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56 Up, the newest Up Documentary, opens today at the Landmark Ken.

By Brian Lafferty

January 25, 2013 (San Diego) – In 1964, Michael Apted filmed 7 Up for British television.  He and his team sought fourteen children - all aged 7 - from all walks of life.  He found ten boys and four girls who he then interviewed about various political and social issues as well as their dreams and hopes for the future.


Since then Apted has revisited these children every seven years, interviewing them about their ever-evolving views on life, family, careers, and other general topics.  It's hard to believe that these "children” are now 56 years old; as previously mentioned, the latest documentary in the series, 56 Up opens today at the Landmark Ken Cinema. 

Netflix thankfully made it convenient for audiences to catch up.  The first seven Up documentaries (7 Up to 49 Up) are now available to stream on Netflix.  These documentaries are one of the most addicting movie series in addition to being among the most genius.  While many filmmakers from around the world - including here in the United States - have tried to duplicate it, it is Michael Apted's series that has been, and always will be, the most talked about and revered.

7 Up, which lasts about thirty minutes, is fascinating even though it plays more like a set-up and a foundation for the forthcoming documentaries than anything else.  Apted spends much time showing the different social classes, living environments, and other elements that thus far define these kids' young lives.  Suzy, for example, leads a very privileged life.  Of all the fourteen children, she is seemingly the most well-off.  Oppositely, Paul and Symon live in a children's home.  Paul's parents, it later turns out, are having a difficult marriage and would later divorce.  Symon, the only minority of the group, was born to a single mother and his father has never been in the picture.  Andrew, Charles, and John attend a pre-preparatory school in an upper-class suburb.  Jackie, Lynn, and Sue are students at a primary school in London’s East End.  Tony also attends a primary school in the East End of London.  Nicholas lives on a small farm in the Yorkshire Dales.  Peter and Neil are from the middle-class strata, residing in a Liverpool suburb.  Bruce, attending a boarding school, wants to be a missionary and "teach those who are not civilized to be, more or less, good.”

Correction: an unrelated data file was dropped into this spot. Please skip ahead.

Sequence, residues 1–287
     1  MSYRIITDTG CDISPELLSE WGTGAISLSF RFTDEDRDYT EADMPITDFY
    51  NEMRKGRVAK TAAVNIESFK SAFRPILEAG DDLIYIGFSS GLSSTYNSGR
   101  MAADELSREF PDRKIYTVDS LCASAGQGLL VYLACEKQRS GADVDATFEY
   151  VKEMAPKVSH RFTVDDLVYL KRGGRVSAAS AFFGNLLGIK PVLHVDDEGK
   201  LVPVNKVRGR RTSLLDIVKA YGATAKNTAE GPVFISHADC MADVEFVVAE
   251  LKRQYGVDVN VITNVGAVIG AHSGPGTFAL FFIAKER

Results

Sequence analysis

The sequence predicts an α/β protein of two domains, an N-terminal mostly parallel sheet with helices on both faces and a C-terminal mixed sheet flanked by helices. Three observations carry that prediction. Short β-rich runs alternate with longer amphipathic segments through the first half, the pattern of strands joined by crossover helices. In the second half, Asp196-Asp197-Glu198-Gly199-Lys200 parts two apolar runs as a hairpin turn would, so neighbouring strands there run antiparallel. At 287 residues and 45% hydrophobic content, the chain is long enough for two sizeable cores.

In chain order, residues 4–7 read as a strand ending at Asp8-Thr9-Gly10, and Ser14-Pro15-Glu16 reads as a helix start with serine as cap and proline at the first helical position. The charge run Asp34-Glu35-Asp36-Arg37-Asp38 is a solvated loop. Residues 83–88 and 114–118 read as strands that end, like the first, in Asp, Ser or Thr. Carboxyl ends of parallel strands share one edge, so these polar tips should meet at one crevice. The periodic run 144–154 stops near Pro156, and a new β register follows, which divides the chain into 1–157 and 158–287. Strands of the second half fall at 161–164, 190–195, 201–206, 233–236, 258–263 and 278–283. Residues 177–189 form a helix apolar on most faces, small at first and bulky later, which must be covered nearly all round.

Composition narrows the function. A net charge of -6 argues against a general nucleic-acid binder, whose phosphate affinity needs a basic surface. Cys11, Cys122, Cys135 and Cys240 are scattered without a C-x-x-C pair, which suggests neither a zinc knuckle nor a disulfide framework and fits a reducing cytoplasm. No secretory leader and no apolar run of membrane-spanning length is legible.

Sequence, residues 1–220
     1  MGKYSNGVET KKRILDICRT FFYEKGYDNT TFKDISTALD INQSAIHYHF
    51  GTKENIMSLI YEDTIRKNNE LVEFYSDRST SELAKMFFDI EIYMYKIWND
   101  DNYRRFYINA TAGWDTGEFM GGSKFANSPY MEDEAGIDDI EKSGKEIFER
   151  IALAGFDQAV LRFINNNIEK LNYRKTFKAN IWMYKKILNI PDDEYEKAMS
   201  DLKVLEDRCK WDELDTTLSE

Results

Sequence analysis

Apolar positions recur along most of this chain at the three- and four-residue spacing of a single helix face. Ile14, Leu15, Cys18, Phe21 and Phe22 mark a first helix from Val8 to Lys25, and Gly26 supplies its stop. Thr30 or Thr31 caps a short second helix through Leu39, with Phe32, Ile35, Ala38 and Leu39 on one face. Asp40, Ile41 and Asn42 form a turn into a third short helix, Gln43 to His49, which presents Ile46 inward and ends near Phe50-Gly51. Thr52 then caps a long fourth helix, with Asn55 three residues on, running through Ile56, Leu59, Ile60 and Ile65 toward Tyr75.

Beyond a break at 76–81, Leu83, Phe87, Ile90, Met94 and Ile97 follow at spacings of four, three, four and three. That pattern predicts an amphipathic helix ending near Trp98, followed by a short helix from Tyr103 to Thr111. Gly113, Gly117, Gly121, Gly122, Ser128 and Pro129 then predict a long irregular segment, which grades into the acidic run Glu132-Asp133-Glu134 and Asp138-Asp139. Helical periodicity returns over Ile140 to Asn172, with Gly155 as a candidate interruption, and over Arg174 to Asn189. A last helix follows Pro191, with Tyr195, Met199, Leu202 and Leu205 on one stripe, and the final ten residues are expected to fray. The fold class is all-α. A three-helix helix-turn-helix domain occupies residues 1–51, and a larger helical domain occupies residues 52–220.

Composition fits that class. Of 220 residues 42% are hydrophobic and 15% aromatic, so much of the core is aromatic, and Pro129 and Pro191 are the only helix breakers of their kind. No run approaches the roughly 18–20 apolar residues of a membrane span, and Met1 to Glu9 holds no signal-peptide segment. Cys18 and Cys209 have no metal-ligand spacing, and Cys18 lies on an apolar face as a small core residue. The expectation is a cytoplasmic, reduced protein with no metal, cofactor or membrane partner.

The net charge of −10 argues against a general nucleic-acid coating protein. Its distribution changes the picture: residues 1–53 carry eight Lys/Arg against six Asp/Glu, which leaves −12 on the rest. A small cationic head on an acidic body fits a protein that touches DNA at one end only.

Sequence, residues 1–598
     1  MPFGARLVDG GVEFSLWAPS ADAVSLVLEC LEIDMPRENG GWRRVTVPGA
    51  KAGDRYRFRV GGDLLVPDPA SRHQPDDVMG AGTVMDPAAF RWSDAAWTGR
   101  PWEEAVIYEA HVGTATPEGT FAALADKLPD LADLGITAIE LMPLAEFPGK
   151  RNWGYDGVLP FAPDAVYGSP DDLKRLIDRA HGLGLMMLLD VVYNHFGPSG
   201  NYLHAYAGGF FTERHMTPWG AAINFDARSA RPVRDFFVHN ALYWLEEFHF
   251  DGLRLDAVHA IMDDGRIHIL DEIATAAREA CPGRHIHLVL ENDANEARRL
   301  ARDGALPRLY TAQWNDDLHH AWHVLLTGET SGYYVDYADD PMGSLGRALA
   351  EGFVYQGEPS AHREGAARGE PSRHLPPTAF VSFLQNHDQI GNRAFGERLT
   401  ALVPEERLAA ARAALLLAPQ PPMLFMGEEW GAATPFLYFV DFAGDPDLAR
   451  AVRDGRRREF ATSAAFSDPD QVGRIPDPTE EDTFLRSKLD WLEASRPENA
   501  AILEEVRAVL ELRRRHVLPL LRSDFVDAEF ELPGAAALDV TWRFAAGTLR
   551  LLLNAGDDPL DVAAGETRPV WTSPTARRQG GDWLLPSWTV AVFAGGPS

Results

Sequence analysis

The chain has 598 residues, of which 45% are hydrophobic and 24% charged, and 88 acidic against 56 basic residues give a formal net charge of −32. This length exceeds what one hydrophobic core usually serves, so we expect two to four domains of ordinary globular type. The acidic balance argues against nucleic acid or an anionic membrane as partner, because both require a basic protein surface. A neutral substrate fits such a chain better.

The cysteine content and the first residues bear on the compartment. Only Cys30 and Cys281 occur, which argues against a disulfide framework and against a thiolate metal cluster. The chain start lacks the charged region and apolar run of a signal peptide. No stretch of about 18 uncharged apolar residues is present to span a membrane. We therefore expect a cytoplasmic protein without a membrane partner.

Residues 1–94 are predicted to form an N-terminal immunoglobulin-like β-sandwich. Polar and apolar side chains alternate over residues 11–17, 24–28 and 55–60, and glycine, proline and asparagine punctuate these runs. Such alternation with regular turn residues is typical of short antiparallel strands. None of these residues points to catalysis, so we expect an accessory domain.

7 Up and 7 Plus Seven, the only two that aren't feature-length, lay the foundation for the series, which hits its stride at 21 Up.  The main ingredient of the movies' addictive qualities is how each one builds on the next.  Apted and his editors accomplish this by inserting footage from the previous films into the existing one.  This serves several purposes.  One is it shows these people’s ever-evolving opinions and views on life.  Secondly, it’s an opportunity for the participants to look back and reflect.  Lastly, it acts as a chart of their ups and downs.

The charting of these “children’s” constantly evolving views is another pleasure to be gleaned, and another reason it’s hard to not watch one of these films right after the other.  Suzy is an extreme example (but certainly not the only one).  At 7, she’s relatively confident and happy.  She wants to get married, have kids, and have a nanny look after them.  At 14, she’s so shy her eyes barely meet the camera.  In 21 Up, it is revealed her parents divorced.  During her interview she is nervous and tense, her voice a little cold, and she smokes.  When asked about her thoughts on marriage, she says her parents’ divorce left her feeling “very cynical” about it.  In contrast to her interview fourteen years earlier, she doesn’t want kids.

Flash forward to 28 Up.  She’s not only married, happy, and not smoking, but she has two kids.  Seven years may not seem long, but as Suzy’s story demonstrates, a lot can happen in that time.

Life is full of its ups and downs.  A number of the "children" get married.  Some of these marriages end in divorce (Symon's divorce from his wife and mother of their five children prevented him from participating in 35 Up), but they all manage to overcome the struggles of single parenthood.  There are other life struggles, too.  Neil, cute as a button in 7 Up, finds himself a homeless drifter by the age of 28.  He seems destined for an early end.  But he settles down in 35 Up and later rises up and becomes successful in politics at 42.

The interviews, conducted by director Apted, are exceedingly deep and insightful.  The relationship between Apted and his subjects over the years is both strong and complex.  Most of the participants are unafraid to open up about their personal lives and their trials and tribulations.  In later years, this honesty leads to some unexpected and sometimes testy moments.  In 49 Up, Jackie, who suffers from rheumatoid arthritis and went through a divorce years earlier, lets Apted know about her disapproval of what she feels is the series’ less-than-positive portrayal of her in the past. (She reveals that in 21 Up, she was so offended by one of Apted's questions that she got upset and briefly stopped the interview.) 

Even though these documentaries were, and still are, originally filmed for British television, their unique properties still make them as cinematic as any Oscar-nominated documentary.  

Brian Lafferty welcomes letters at  You can also follow him on Twitter:  @BrianLaff.

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